Geoffrey de Havilland built his first (unsuccessful) aircraft in 1909. His second, flown in 1910, was bought by the War Office, and de Havilland was taken on as designer at the
De Havilland (Airco) D.H.4
Balloon Factory (later Royal Aircraft Factory), where between 1911 and 1914 he designed the F.E.2, S.E.1, S.E.2, B.E.1, and B.E.2. In 1914 he joined the Aircraft Manufacturing Company at Hendon, designing the D.H.2 pusher fighter, D.H.3, and D.H.10 twin-engined bombers, D.H.5 fighter, and D.H.4 day bomber. The latter was extensively built in the
De Havilland D.H.53 Humming Bird
D.H.53 Humming Bird
U.S.A..The D.H.9 and 9a were variations; the 9a equipped post-war RAF bomber squadrons and it, too, was built in the U.S.A.. Nearly 3,000 were constructed in Russia as the R-1.

The D.H.53 Humming Bird ultralight was the best entrant in the 1923 Air Ministry Light Aeroplane competition, but de Havilland realised that their
De Havilland D.H.66 Hercules
D.H.66 Hercules
passion for lightness was an error, and in 1925 produced the first Moth to more sensible proportions. Perhaps the most famous light aircraft ever built, it was sold all over the world. A number of cabin monoplanes and a military version, the Tiger Moth, followed; over 8,000 Tigers were built for various
De Havilland D.H.98 Mosquito
D.H.98 Mosquito
air forces.

The three-engined D.H.66 Hercules was flown by Imperial Airways from 1926, and in the 1930s many domestic and foreign airlines used the twin-engined D.H.84/89 Dragon/Dragon Rapide and four-engined D.H.86 Express.

In 1934 de Havilland designed the all-wood D.H.88 Comet twin-engined racer for entrants in the "MacRobertson" England-Australia race. At a fixed unit
De Havilland D.H.100 Vampire
DH.100 Vampire
price of GBP5,000 this gamble paid off; three were entered, and one of these won the speed prize. By 1939 the firm was producing the D.H.91 Albatross, a fast airliner with four engines; the twin-engined D.H.95 Flamingo feederliner and the diminutive D.H.94 Moth Minor. All production of these ceased at the outbreak of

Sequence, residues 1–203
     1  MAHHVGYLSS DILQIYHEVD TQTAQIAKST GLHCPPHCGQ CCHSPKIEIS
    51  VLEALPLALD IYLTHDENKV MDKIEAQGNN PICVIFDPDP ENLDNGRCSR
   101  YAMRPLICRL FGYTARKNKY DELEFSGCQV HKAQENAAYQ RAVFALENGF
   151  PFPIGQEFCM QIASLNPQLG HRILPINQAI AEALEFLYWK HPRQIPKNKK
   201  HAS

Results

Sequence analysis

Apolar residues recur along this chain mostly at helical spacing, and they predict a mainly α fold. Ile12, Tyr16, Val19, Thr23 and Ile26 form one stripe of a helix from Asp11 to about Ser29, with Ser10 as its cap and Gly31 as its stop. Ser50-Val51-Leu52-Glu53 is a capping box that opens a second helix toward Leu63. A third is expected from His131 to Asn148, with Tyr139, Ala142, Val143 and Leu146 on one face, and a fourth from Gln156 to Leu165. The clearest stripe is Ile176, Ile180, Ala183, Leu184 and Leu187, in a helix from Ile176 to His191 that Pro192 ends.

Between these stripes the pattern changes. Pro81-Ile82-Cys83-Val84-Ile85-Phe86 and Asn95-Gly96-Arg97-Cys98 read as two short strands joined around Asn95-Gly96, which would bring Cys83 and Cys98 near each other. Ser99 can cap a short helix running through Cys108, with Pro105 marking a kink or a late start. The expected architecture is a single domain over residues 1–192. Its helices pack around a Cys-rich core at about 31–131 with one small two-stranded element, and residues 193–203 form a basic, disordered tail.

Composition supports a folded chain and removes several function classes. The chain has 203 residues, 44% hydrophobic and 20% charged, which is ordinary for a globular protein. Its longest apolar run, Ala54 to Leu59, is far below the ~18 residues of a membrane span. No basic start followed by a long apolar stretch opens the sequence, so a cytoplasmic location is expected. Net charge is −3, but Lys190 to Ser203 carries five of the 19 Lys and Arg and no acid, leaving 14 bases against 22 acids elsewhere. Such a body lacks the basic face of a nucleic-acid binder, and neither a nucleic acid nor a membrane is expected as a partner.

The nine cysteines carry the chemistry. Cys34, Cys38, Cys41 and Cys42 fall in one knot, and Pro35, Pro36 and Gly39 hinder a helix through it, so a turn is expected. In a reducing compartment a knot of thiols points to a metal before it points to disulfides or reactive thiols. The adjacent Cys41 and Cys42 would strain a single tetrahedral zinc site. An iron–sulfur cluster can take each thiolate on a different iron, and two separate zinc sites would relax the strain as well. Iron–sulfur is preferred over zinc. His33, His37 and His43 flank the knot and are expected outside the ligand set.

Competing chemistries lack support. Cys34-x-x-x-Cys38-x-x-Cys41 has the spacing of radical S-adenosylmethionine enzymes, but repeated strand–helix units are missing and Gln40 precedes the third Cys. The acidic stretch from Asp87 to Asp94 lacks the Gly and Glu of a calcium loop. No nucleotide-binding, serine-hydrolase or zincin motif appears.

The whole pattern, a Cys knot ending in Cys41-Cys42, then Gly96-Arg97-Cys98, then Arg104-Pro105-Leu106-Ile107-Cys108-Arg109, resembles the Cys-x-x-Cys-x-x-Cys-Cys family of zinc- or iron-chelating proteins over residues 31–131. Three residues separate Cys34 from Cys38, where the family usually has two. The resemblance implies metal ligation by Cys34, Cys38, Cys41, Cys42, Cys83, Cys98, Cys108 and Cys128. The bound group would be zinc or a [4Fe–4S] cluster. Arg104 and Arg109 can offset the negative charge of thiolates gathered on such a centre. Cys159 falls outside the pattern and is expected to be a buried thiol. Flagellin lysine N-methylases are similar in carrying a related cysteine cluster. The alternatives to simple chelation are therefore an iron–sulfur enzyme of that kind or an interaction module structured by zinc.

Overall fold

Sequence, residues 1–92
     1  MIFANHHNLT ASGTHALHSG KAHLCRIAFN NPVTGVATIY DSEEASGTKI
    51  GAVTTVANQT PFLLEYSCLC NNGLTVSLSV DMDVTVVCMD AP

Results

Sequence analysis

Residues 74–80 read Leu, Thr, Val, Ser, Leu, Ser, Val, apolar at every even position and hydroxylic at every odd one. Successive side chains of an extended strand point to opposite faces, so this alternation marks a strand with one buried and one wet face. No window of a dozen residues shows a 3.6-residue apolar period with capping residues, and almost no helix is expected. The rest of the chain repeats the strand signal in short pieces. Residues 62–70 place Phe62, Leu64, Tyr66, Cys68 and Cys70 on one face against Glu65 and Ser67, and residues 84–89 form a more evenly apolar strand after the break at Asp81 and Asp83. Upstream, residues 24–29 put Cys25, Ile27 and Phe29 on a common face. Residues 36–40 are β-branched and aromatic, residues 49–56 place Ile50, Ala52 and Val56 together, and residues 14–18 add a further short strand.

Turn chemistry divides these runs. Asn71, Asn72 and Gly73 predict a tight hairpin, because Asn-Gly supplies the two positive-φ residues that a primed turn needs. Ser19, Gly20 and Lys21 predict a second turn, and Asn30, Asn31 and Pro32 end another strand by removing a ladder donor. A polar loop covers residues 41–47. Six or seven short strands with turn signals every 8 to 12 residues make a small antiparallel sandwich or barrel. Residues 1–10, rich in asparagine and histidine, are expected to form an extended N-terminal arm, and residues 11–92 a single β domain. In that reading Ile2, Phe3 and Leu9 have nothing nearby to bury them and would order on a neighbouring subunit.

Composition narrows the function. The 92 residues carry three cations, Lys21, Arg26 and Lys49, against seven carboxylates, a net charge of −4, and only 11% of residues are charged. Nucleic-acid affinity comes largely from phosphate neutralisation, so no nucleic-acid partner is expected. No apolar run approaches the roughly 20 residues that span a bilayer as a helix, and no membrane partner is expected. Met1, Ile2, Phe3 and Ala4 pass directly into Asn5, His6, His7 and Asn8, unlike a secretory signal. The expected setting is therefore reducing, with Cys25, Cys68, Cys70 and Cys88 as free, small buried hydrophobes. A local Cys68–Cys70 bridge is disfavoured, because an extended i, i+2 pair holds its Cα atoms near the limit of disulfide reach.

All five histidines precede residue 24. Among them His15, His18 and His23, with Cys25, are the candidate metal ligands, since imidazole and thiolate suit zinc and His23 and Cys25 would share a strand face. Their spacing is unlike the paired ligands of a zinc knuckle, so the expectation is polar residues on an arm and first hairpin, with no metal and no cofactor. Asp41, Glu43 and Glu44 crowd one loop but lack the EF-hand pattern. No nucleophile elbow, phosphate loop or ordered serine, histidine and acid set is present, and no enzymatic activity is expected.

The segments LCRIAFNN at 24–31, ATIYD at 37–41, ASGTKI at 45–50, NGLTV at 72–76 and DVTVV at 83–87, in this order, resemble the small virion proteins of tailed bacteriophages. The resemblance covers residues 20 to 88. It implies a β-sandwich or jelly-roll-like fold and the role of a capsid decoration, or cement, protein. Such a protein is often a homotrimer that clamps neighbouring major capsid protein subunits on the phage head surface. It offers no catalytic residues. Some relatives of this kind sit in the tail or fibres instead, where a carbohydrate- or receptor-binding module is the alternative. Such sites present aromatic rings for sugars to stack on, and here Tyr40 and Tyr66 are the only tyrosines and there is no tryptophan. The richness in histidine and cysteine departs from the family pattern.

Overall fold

De Havilland D.H.106 Comet
D.H.106 Comet
war, which also cut short a promising bombertrainer, the D.H.93 Don. In 1938 work started on a fast unarmed wooden bomber, the D.H.98 Mosquito. It became one of the most versatile aircraft of its time, and by the end of the war a single-seat fighter version attained a speed of 760km/h. The
Hawker Siddeley Trident
Vampire, de Havilland's first turbojet fighter, Venom, Sea Venom and later Sea Vixen, served for a decade after the war.

Back in civil work, the company produced the twin-engined Dove, four-engined Heron and, in 1949, the first jet airliner in the world, the D.H.106 Comet. The Comet 1 ran into constructional problems, but
De Havilland DH.125 / Hawker Siddeley HS.125 / BAe 125
the Mark IV achieved success. The last DH designs were the D.H.121 Trident, a three-engined airliner for BEA, and the D.H.125 executive jet (both first flown 1962). Both were still in production in 1978, long after the company's absorbtion into the Hawker Siddeley Group in 1960, and the D.H.125's successors were still in production at the turn of the new century.

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All the World's Rotorcraft

Virtual Aircraft Museum

Biplane 1
Biplane 2
D.H.53 Humming Bird
D.H.60 Moth
D.H.66 Hercules
D.H.71 Tiger Moth
Giant Moth
Hawk Moth
D.H.80 Puss Moth
Swallow Moth
D.H.82 Tiger Moth
D.H.83 Fox Moth
D.H.84 Dragon
D.H.85 Leopard Moth
D.H.89 Dragon Rapide
D.H.87 Hornet Moth
D.H.88 Comet
D.H.90 Dragonfly
D.H.91 Albatross
D.H.93 Don
D.H.94 Moth Minor
D.H.95 Flamingo
D.H.98 Mosquito
DH.100 Vampire
Hornet / Sea Hornet
D.H.104 Dove / Devon
D.H.112 Venom
D.H.106 Comet
D.H.114 Heron
D.H.110 Sea Vixen